In Canada’s Chemical Valley, a tour sheds light on tragic toxicity

Community News & Features Oct 25, 2019 at 3:40 pm
Over 200 participants walked off the heart of the “Chemical Valley” with a banner to express their support to Aamjiwnaang First Nations.                                                      (Photos: Y. Cabana)

Over 200 participants walked off the heart of the “Chemical Valley” with a banner to express their support to Aamjiwnaang First Nations. (Photos: Y. Cabana)

By Ysh Cabana
The Philippine Reporter

SARNIA, ON–For five years now, the Gray siblings, Vanessa and Beze have been fighting environmental racism.

In their First Nations home called Aamjiwnaang, they have been leading an annual “Toxic Tour” near the shores of St.Clair River, southwest of Ontario to acquaint people from outside the Sarnia area with what is called Chemical Valley, where 40 percent of Canada’s petrochemical industry surrounds a 25 kilometer radius of the reserve.

DSC_0009“It is very unjust and unfair,” says Beze Gray. “To the right that’s the U.S. That’s America.  Our people used to be on both sides of this waterway. This used to be the homeland of the whole of Treaty 29 people.”

“Invasive borders were put to our communities that were not originally there. These waters used to be our highways to do trading and go hunting between Lake Huron, Lake Erie and all connecting the Great Lakes. It is actually part of our migration story.”

The industrial complex goes back to early 1800s, when oil was “discovered” just south of Sarnia. “It was actually a cow that stepped into a puddle of oil,” says Beze. “So they built the first refinery on what’s called Oil Springs and named the communities there around oil.”

The smokestack-filled skyline used to be an iconic image of the city printed on the back of an old $10 bill. The chemicals produced there went into gasoline, feedstock, plastics, automotive parts, and even chewing gum.

Aamjiwnaang community elder Mike Plain

Aamjiwnaang community elder Mike Plain

With a modern community centre and a handsome band council building with a roof designed in the shape of a teepee, Aamjiwnaang lies right in the middle of the industrial complex. Giants such as Shell Canada sits to the south, Suncor Energy to the west, Dow and Nova Chemicals to the east, Enbridge to the northeast, and Imperial Oil to the North. The industry employs more than 4,500 people in the area.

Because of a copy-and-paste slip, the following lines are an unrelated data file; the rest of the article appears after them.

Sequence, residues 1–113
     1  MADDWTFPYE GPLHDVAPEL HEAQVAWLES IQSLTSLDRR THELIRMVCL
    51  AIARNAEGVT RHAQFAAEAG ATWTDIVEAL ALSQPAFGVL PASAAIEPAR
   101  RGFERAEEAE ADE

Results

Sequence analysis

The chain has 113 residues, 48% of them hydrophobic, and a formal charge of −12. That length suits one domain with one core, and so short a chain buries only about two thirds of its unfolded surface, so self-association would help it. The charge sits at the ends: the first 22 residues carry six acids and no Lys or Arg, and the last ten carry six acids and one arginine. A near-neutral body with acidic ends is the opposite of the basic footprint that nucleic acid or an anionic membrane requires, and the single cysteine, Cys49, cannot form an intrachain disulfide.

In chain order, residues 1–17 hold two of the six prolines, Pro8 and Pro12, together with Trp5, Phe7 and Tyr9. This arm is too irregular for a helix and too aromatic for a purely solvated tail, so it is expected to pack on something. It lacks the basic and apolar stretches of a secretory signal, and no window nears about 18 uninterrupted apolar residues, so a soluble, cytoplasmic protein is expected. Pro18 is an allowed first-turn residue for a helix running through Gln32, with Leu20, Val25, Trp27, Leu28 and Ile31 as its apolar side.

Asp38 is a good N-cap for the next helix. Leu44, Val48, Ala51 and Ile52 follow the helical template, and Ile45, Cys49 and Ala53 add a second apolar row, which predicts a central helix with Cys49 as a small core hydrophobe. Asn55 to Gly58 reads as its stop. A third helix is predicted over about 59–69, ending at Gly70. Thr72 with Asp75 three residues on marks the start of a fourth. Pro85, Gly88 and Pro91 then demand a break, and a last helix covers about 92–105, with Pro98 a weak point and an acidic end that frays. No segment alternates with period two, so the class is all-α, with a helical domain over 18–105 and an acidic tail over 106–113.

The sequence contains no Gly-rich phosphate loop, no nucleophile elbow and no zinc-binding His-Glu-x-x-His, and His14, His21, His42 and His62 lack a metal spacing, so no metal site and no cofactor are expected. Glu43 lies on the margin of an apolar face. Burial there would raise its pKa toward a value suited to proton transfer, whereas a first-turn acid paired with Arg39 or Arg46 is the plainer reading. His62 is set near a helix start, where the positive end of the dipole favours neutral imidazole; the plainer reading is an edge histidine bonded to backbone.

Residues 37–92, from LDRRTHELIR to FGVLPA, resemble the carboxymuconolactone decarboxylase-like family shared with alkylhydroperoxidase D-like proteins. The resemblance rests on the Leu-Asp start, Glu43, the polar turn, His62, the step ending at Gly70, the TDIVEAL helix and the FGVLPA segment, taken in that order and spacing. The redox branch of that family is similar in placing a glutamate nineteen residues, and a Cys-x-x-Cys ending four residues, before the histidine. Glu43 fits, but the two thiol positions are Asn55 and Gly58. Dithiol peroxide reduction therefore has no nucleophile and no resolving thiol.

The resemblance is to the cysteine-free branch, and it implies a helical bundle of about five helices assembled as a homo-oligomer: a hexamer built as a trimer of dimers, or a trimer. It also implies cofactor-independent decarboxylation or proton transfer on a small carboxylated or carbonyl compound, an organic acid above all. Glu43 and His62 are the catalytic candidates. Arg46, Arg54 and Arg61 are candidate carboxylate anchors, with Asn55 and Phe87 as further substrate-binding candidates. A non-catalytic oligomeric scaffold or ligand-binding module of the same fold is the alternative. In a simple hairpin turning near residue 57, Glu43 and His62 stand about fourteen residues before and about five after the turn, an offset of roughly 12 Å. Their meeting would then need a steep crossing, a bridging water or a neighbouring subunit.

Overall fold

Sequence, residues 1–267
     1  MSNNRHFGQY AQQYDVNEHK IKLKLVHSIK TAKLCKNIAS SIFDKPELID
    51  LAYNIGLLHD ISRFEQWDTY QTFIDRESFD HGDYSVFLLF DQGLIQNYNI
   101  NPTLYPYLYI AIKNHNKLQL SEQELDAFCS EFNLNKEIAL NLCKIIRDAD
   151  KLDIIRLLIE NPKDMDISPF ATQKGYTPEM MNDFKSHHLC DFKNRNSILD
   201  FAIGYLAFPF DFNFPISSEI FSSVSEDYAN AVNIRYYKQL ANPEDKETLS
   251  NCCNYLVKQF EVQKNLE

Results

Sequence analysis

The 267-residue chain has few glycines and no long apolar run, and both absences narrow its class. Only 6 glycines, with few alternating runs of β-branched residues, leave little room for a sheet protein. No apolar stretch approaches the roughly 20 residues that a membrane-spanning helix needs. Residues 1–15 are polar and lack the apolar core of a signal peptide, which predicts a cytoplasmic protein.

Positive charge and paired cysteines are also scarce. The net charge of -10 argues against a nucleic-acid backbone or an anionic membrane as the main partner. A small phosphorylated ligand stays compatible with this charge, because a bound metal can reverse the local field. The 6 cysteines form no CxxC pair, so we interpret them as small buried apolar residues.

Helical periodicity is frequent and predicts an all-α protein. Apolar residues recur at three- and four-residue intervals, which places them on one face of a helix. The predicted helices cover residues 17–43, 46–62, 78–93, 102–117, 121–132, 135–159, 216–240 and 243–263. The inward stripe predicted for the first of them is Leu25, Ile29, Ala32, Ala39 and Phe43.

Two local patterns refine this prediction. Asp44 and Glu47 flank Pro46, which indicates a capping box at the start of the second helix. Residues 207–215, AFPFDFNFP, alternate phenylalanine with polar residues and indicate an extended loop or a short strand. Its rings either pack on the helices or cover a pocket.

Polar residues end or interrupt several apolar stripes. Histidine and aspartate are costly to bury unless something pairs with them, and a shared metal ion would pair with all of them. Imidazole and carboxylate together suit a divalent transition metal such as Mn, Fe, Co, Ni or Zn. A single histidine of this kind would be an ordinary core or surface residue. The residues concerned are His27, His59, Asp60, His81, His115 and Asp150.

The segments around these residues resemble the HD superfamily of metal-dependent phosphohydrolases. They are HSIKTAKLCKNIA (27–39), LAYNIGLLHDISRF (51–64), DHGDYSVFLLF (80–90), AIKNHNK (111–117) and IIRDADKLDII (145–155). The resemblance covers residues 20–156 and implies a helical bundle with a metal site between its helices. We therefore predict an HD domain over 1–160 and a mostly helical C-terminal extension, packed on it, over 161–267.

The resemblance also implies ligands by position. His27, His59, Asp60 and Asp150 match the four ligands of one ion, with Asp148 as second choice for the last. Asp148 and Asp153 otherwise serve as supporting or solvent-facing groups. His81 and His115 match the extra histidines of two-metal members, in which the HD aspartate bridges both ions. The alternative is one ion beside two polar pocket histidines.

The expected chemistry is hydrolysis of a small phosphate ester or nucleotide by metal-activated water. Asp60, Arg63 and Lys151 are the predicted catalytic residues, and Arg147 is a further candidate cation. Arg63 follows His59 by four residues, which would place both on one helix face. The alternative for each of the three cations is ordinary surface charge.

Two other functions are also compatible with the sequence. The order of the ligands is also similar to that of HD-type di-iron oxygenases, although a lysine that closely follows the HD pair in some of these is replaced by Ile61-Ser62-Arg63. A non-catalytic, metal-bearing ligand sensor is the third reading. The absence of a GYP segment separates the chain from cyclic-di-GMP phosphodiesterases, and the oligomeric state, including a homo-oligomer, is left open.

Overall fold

“In every which way we were completely surrounded right now. And that little feeling of being unsafe or exposed is how we feel all the time,” says Vanessa Gray.

People live in their worst fears as warnings have long bedeviled the city with occasional text alerts and emergency sirens from across these facilities, on top of regular gas leaks. Today, the indigenous community is disproportionately affected by the cancer-causing emissions, she says. Children grow up with reduced sense of smell. Women have a higher rate of miscarriage and there is a lower life expectancy than the general population.

Lindsay Beze Gray and Vanessa Gray.

Lindsay Beze Gray and Vanessa Gray.

In June 2019, Baskut Tuncak, the UN’s special rapporteur on human rights and hazardous substances and wastes, reported preliminary findings that Aamjiwnaang offers a clear picture of discrimination, since Indigenous homes and kindergartens are a stone’s throw away from the chemical industry.
“The condition of the Aamjiwnaang First Nation in Sarnia is deeply unsettling,” said Tuncak, calling its peoples’ exposure to toxins “an ongoing tragedy, a legacy of land use planning that would not be allowable today.”

The municipal council of Sarnia was forced to declared climate emergency the same month.

Despite the bitter air, the bus and walking tour demonstrate the community’s perseverance. The Grays announced a new tool to aid their cause: a new mobile app called the Pollution Reporter that connects those with known health harms based on peer-reviewed medical literature. It records people’s physical reactions if there’s a bad odour or taste in the air.

The app is focused on Imperial Oil – the largest and oldest refinery operating in Sarnia known to have health effects from lead, mercury and benzene  – to start, but plans are to expand to others.

The Grays hope to create a database that could be used to convince the government to take action or as evidence in court cases.

“To live so close to even one company would be alarming but the concentration of self reporting companies is overwhelming.”

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Along the way, community members told their experiences of environmental racism--being poisoned by chemicals and having no appropriate hospital treatment.

Along the way, community members told their experiences of environmental racism–being poisoned by chemicals and having no appropriate hospital treatment.